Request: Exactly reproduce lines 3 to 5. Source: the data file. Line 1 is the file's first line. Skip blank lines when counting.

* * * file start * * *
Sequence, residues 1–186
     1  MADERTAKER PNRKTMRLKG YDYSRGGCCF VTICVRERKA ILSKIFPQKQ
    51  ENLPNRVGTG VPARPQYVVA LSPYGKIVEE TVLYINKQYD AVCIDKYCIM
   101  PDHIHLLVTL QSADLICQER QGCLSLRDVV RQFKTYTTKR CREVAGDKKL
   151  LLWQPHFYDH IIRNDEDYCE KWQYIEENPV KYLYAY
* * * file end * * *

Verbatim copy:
    51  ENLPNRVGTG VPARPQYVVA LSPYGKIVEE TVLYINKQYD AVCIDKYCIM
   101  PDHIHLLVTL QSADLICQER QGCLSLRDVV RQFKTYTTKR CREVAGDKKL
   151  LLWQPHFYDH IIRNDEDYCE KWQYIEENPV KYLYAY